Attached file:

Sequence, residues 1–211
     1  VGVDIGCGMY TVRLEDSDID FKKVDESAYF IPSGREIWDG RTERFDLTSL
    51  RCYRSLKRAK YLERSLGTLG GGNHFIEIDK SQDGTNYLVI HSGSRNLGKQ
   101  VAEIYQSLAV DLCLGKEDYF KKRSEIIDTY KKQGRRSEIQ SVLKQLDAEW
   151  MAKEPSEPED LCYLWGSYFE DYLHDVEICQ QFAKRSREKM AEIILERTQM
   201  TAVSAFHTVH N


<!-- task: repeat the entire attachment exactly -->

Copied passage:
Sequence, residues 1–211
     1  VGVDIGCGMY TVRLEDSDID FKKVDESAYF IPSGREIWDG RTERFDLTSL
    51  RCYRSLKRAK YLERSLGTLG GGNHFIEIDK SQDGTNYLVI HSGSRNLGKQ
   101  VAEIYQSLAV DLCLGKEDYF KKRSEIIDTY KKQGRRSEIQ SVLKQLDAEW
   151  MAKEPSEPED LCYLWGSYFE DYLHDVEICQ QFAKRSREKM AEIILERTQM
   201  TAVSAFHTVH N